It has been an almost ubiquitous facet of advertising for Windows 10, an unrelenting focus on the businessman; making productivity sexy.
The notion first hit me during the recent Microsoft conference at Mobile World Congress 2014, held in Barcelona. During an almost 40 minute presentation, Stephen Elop talked about all things Windows 10, outlining why the world ought to be interested.
In a nugget, this amounted to, “Mobile Excel is going to rock”.
Traditionally, MWC has been a hotbed of excitement, at least for anyone involved in the mobile industry. The likes of Samsung, HTC and others have used the event to launch their flagship products for a number of years now. Boasting cutting-edge specs and beautiful designs, these products make headlines around the world.
Instead of following in this vein, Microsoft announced a new partnership with AT&T, and showed the continuous experience between Windows 10 products. Two new Lumia devices, each very compelling in their own right, were sandwiched in-between, almost as an afterthought.
This almost willful dismissal of the event was even more pronounced than what was witnessed at CES, where no new Lumia devices were announced, but camera improvements delivered in Lumia Denim were the focus.
As the launch of Windows 10 draws closer and closer, the question must be asked: who does Microsoft imagine its crowning software product is for?
Since Satya Nadella ascended to the top of the heap in Redmond earlier in 2014, one thing has been clear, the cloud is king, along with productivity. Amid a varied and compelling list of different services and products offered by the tech giant, it is the likes of Azure, Office 365 and OneDrive that have seen the most aggressive promotion in the previous year.
Much has been made of the differences Nadella has brought to the culture of Microsoft; the effects of this are palpable, from the partnership with Salesforce to working with various open community projects, this is a friendlier Redmond. Yet, in its business strategy, has much changed?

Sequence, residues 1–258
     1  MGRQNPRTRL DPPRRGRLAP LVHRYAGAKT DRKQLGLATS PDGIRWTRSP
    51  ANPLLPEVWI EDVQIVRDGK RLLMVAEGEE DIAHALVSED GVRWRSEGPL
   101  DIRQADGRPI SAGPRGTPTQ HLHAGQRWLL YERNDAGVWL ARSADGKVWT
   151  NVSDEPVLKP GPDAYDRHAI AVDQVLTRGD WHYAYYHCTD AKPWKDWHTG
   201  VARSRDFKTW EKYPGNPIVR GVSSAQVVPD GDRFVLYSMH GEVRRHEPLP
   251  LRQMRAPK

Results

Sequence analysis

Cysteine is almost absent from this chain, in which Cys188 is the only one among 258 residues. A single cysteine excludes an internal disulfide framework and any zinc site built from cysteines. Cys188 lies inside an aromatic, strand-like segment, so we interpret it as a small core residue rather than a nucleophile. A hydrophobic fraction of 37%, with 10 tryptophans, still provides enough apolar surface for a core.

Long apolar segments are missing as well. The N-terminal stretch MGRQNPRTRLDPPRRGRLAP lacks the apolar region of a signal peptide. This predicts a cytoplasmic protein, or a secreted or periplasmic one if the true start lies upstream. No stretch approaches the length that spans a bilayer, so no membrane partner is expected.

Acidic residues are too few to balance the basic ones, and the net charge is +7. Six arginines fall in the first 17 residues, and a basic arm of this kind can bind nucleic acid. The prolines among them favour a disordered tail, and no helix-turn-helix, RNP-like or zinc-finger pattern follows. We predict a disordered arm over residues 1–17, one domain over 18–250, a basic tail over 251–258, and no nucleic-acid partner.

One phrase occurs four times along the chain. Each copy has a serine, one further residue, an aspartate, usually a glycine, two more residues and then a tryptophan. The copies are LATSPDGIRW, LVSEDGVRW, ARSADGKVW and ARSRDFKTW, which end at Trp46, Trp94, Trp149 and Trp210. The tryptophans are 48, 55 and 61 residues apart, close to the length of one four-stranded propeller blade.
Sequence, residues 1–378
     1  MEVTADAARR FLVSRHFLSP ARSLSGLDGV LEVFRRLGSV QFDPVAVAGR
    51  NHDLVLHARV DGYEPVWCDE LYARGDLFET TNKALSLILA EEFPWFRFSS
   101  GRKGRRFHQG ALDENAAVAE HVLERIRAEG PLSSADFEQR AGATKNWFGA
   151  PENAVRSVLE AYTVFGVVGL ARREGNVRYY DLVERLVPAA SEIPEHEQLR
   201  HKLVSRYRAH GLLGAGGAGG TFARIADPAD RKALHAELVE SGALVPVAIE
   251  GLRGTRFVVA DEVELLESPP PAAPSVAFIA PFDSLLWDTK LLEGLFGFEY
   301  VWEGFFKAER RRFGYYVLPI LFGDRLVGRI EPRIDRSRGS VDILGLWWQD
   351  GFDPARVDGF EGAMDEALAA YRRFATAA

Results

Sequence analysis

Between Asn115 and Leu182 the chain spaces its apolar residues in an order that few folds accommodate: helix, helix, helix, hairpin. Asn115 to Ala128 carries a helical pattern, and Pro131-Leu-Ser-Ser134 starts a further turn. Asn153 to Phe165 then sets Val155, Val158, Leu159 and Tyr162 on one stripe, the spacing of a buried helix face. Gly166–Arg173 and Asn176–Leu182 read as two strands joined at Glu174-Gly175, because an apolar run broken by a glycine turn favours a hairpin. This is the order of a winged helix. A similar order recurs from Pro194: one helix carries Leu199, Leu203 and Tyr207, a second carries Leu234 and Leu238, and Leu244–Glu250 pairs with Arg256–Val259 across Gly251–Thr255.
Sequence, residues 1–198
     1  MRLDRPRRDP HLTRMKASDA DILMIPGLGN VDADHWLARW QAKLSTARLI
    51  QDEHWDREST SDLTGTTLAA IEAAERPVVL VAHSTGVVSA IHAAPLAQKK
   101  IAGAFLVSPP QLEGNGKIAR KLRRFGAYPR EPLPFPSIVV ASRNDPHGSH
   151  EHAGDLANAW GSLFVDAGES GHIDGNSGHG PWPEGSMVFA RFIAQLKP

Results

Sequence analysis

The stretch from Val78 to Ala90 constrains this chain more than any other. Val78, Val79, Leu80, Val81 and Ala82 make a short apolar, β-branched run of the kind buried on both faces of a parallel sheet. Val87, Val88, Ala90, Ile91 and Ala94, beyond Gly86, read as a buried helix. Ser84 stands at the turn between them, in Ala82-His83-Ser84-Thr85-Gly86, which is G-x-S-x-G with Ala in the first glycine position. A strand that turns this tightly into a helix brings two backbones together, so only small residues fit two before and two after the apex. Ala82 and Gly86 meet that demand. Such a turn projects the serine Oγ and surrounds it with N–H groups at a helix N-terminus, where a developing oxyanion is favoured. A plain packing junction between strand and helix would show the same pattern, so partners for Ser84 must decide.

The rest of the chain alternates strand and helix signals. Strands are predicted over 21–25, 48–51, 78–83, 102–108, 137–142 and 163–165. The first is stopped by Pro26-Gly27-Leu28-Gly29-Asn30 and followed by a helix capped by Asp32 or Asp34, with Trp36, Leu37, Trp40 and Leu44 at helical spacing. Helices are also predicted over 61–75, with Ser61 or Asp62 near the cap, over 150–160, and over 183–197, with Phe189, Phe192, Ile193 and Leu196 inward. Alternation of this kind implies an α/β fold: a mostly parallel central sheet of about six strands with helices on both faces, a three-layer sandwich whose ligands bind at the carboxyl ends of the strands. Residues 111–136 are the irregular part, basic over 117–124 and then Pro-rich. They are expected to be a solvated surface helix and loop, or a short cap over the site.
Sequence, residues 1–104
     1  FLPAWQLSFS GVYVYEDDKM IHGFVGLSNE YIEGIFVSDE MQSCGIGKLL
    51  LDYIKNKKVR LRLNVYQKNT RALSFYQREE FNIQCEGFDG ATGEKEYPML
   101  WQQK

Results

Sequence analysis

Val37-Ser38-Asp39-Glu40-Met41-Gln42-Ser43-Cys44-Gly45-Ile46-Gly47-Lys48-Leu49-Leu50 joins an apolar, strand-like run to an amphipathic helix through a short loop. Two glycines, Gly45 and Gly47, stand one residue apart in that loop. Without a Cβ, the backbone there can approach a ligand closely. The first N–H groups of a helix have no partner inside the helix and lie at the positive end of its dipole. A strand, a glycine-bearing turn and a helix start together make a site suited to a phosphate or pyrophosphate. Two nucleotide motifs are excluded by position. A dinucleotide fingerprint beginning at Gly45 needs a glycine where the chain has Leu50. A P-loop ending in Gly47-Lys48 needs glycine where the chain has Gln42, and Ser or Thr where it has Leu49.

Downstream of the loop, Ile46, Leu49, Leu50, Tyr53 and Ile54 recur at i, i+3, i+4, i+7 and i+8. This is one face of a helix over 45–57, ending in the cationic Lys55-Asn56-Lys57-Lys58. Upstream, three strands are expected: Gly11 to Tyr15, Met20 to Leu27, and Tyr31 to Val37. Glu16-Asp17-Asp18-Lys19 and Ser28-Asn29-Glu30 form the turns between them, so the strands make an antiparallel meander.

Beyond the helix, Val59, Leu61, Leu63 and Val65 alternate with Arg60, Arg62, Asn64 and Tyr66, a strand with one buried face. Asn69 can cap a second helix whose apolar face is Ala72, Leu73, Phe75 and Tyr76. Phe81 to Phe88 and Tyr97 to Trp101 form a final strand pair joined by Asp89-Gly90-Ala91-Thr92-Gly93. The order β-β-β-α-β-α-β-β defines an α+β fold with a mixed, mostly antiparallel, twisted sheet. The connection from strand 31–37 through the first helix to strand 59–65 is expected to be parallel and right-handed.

Parallels can be drawn to the former Research in Motion (RIM), now known as Blackberry. As the first popular provider of devices capable of handling email on the go, the company enjoyed enormous success for around a decade, particularly among the business community. Following a number of events that called into question the company’s dedication to its user’s privacy, and the rise of competing mobile operating systems, the firm now lives in corporate limbo. Blackberry too tried to debut a well-thought out and pleasant OS, but its conservative approach doomed it from the start.
Now only releasing devices for a highly select audience, and aiming only to provide services to the enterprise market, its scope for growth is dismal; it is now consigned to be a footnote in the history of the mobile market.
This story is highly pertinent when considering the fate of Microsoft. Though the two firms are thoroughly different, Redmond and Blackberry have a number of similarities, not least an almost complete inability to launch an effective or memorable marketing campaign.
Through focusing entirely on the business user, is Microsoft dooming its efforts to obscurity? When one analyzes its competitors, this may appear to be the case.